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Mad Man

Zach Reichert ~

In my third year of medical school, I started a rotation at the nearby VA hospital. Walking toward the polished glass doors that morning, I saw my reflection–clean white coat, assured expression to cover up how lost I felt. It was my second clinical rotation ever, and my first time at the VA.

I found my team and soon met a patient I’d be seeing for the next month. His

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A Soldier’s Tale

Scott Janssen ~

“You ever work with vets?” asks the young man sitting across from me in the hospital waiting room.

He’s been sitting there all morning. So have I. Since 5:30 am, my father-in-law, age eighty-eight, has been undergoing surgery to remove a tumor in his lung. The surgeons just sent word that they’ve finished, and my wife and her mother have gone to the post-op room to see him.

Waiting

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Saving Private Ryan

Gregory Rutecki

The late Eighties was the worst of times in medical education–the era when doctors in training worked a virtually unlimited number of hours each week. This unceasing and inhumane workload led residents, understandably, to view patients purely as collections of physical ailments.

Back then, I was an attending physician at a community teaching hospital. One day, as usual, I was preparing to make morning rounds and, simultaneously, to do my best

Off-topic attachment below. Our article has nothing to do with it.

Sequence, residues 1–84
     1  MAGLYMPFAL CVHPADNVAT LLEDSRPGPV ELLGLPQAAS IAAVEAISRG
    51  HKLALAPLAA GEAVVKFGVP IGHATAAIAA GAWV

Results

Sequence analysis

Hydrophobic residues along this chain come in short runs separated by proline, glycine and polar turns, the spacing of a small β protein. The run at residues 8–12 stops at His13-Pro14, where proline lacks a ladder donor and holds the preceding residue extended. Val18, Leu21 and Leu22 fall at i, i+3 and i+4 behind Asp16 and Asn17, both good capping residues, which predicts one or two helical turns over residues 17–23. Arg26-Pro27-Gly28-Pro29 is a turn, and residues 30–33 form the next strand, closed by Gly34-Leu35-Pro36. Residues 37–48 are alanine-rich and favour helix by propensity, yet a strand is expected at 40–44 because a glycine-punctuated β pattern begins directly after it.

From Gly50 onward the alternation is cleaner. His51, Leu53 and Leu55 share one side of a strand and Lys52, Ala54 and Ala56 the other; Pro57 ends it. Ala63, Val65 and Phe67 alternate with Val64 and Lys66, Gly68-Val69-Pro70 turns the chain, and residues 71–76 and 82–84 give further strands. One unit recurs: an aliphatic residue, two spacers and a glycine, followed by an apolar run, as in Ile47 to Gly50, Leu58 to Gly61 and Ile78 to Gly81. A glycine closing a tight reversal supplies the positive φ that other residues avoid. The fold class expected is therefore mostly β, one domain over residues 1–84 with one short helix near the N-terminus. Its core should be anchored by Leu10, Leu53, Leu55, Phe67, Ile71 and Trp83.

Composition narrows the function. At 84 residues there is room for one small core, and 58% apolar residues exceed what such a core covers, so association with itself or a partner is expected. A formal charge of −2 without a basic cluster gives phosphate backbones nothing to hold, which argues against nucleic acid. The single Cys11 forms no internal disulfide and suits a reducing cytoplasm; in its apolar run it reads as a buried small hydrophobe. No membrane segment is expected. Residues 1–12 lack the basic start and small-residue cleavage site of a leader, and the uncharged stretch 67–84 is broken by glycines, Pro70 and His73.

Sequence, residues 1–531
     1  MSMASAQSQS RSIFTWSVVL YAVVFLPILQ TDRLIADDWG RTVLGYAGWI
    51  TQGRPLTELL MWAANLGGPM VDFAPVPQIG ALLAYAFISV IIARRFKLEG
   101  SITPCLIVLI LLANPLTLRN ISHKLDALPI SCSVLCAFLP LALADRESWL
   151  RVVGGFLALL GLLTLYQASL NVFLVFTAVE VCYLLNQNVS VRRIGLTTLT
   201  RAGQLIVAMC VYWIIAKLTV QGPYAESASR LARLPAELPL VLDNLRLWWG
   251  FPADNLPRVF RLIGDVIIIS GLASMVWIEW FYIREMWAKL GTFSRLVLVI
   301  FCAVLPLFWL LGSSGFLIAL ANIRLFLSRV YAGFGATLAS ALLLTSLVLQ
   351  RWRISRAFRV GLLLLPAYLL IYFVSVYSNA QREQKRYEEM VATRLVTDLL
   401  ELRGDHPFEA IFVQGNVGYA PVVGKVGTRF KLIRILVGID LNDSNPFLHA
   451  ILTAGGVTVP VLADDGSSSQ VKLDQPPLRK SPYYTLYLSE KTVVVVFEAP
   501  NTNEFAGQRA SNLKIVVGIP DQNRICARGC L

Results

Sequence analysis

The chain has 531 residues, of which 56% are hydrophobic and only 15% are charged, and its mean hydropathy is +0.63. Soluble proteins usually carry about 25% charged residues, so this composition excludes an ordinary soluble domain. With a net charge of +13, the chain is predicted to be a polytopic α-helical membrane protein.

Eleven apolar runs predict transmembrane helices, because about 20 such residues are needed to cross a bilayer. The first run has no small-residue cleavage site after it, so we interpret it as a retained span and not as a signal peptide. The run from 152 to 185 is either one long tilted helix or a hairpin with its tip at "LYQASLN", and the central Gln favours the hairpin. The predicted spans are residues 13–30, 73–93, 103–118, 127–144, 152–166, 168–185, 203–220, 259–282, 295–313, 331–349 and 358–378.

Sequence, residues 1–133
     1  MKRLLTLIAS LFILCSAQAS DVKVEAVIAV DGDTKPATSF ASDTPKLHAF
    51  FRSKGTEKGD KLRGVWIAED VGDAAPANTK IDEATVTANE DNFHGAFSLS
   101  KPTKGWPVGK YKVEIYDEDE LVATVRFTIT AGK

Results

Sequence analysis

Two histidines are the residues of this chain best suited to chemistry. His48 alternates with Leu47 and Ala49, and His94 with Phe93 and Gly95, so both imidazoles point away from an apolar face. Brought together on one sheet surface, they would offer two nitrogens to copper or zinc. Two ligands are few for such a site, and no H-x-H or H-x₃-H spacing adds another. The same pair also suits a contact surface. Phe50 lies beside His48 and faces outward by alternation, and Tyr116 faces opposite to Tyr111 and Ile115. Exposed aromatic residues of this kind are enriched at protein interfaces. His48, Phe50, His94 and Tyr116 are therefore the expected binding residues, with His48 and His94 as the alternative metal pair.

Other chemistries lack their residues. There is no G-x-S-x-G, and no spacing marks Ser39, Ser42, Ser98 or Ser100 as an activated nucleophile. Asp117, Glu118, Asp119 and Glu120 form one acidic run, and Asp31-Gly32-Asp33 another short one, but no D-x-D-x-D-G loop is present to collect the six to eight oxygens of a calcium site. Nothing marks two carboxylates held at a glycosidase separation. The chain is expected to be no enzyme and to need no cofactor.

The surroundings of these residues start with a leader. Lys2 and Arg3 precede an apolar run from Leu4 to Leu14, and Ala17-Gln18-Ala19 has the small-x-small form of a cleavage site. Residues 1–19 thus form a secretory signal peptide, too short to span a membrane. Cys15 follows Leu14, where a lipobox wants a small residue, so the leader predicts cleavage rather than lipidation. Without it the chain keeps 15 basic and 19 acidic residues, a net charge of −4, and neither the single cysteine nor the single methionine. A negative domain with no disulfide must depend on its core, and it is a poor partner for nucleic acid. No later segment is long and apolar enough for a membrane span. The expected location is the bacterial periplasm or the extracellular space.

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He Ain’t Heavy

Edward Beal

In my decades as a psychiatrist, I’ve seen many different kinds of patients; only in the past five years, though, have I worked with soldiers.

I see them through TeleHealth, an organization that offers patients long-distance care via a sophisticated form of Skyping.

I originally took this job for financial reasons (during the economic downturn of 2008), but I quickly discovered its unique rewards.

Early on, for instance, as

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My War Story

Marc Tumerman

My practice is in a small rural Wisconsin town just down the road from a large military base. I see soldiers pretty regularly these days; they stay here for several weeks of pre-deployment training before shipping off to Iraq. They come from all over the country–men and women of various ages, some single, some married and with families. Their health-care needs aren’t too different from those of my civilian patients: maternity care, chronic

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